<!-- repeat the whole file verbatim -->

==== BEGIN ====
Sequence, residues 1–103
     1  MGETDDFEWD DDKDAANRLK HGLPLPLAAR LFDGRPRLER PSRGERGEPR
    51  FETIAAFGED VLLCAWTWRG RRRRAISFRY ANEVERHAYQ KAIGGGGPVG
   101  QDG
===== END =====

Sequence, residues 1–103
     1  MGETDDFEWD DDKDAANRLK HGLPLPLAAR LFDGRPRLER PSRGERGEPR
    51  FETIAAFGED VLLCAWTWRG RRRRAISFRY ANEVERHAYQ KAIGGGGPVG
   101  QDG